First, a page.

There is a temporal church, and one “of the heavens”. And so on.

    “We are only free to do what God has ordained. The second constraint is human depravity. We are unwilling to seek/choose God so as to be saved” Yes, you nailed that one, Eric. Thanks, I can never get enough of this subject.

    • Eric Davis

      Thank you for your comments, Mark. I, too, cannot get enough.

      • Randy

        I will second, or maybe its a third actually, of not being able to get enough of this subject. Not in a hyper way, but in a genuine love for the truth. Rom. 8:16
        Would love to see a series of articles on the Doctrines of Grace, the five points or the solas, or all the above for that matter.

  • Dale Torres

    Does Calvinism have any hazards?
    Does Calvinism harm the plain sense of any scriptures?

    • Nikon1isAwesome!

      Yes, which is one reason Baptist have generally been neither Calvinist nor Arminians – holding to a strong view of providence, according to which, down
      to the smallest detail things are as they are because God knowingly decided to
      create this world and yet also maintaining a libertarian conception of
      free will.

      • Eric Davis

        Nikon – could you point out from Scripture where you the errors?

        • Nikon1isAwesome!

          The Biblical issues are well documented; whether you buy into the issues being real issues are a matter of ermeneutics. I’ll assume you mean errors in Calvinism by your question. More and more Calvinist are admitting that Calvinism requires a theologically driven hermeneutic in order to handle problematic verses (Moises Silva for instance).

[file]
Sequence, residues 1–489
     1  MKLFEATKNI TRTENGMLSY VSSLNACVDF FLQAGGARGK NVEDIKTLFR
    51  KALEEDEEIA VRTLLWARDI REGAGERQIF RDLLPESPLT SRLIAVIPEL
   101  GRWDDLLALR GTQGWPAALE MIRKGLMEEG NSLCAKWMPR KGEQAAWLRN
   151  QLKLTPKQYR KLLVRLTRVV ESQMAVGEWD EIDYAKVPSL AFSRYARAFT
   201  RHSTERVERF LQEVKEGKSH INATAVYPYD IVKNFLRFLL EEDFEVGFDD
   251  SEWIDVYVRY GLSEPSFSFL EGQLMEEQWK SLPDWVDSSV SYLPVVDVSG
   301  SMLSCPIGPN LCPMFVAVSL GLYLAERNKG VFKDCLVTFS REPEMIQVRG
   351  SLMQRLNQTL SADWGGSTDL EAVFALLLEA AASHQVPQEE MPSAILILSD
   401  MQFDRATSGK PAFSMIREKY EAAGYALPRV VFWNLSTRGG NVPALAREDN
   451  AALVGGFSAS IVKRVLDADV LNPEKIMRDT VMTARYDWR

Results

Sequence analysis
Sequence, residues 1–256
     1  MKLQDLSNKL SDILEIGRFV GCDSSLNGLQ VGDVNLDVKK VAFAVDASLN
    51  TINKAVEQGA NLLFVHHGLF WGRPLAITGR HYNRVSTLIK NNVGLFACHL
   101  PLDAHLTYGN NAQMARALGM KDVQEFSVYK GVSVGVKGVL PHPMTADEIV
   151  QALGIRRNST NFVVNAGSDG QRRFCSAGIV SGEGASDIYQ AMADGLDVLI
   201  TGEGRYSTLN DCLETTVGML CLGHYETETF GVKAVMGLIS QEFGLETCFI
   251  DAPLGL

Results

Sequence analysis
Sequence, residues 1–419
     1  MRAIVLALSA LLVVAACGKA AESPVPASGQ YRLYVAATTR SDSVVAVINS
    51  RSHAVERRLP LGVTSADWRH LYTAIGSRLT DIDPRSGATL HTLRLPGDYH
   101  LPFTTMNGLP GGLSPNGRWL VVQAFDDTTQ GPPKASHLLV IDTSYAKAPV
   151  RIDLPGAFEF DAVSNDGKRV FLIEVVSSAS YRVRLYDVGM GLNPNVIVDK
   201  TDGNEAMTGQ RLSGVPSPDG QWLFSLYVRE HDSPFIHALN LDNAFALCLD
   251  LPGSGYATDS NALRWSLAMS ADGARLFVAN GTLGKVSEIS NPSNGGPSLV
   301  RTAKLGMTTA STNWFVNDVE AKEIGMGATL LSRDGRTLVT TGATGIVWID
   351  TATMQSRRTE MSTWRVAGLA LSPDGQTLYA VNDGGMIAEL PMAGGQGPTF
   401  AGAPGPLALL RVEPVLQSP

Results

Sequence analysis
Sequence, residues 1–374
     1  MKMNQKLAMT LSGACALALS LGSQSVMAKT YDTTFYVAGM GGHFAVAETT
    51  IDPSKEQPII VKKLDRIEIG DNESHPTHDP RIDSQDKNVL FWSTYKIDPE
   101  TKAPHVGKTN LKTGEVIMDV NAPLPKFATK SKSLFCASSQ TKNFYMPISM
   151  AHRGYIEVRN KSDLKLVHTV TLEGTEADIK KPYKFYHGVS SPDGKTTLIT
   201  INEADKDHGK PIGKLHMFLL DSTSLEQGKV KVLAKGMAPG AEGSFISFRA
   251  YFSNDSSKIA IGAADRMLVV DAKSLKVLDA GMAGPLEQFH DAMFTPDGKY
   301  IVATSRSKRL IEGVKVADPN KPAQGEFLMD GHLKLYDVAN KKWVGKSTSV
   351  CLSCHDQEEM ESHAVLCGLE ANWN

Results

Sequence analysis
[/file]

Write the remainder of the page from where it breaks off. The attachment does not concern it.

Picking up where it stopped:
As far as issues with Calvinism in general, it seems clear that they miss the mark on the atonement. Here is a link to a short explanation of why one Calvinist abandons the limited view in a desire to be Biblical rather than Logical….

    • Eric Davis

      Hi Dale – when it comes to the doctrines of God’s sovereign grace, no, there are no hazards there since they are simply truths observed from sound exegesis and hermeneutics. Thanks for the question.

      • Dale Torres

        Hi Eric, Thank you for the reply. Can you comment as to the other question posed? The one pertaining to whether Calvinism poses harm to the plain sense of any scriptures? Thanks again.

        • Matt Mumma

          Maybe I am not understanding you, but it seems like he already answered it by saying that these are truth that come from “sound exegesis and hermeneutics.” The doctrines of God’s sovereign grace pose no harm to the plain sense of Scripture when properly understood.

          • Nikon1isAwesome!

            Yes, shockingly, the Calvinist too often has to resort to “…when properly understood” in order to make the plain sense mean something other than the plain reading of the text. 1 John 2:1-2 as a really clear example.

          • Michael

            Take some time to word study “whole” “world” in the NT and come back to us, Nikon.

          • Nikon1isAwesome!